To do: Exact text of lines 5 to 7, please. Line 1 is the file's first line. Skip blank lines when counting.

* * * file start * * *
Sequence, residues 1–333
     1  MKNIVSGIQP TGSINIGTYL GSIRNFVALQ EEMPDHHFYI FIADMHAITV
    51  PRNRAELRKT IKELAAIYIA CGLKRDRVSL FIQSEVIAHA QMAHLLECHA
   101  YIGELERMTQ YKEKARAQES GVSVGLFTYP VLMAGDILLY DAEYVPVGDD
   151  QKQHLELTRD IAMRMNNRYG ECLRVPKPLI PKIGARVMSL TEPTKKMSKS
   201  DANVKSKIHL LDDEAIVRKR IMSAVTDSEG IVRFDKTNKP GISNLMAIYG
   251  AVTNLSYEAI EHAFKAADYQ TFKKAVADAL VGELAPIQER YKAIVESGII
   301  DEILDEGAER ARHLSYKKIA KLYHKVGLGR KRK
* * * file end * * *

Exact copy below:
   151  QKQHLELTRD IAMRMNNRYG ECLRVPKPLI PKIGARVMSL TEPTKKMSKS
   201  DANVKSKIHL LDDEAIVRKR IMSAVTDSEG IVRFDKTNKP GISNLMAIYG
   251  AVTNLSYEAI EHAFKAADYQ TFKKAVADAL VGELAPIQER YKAIVESGII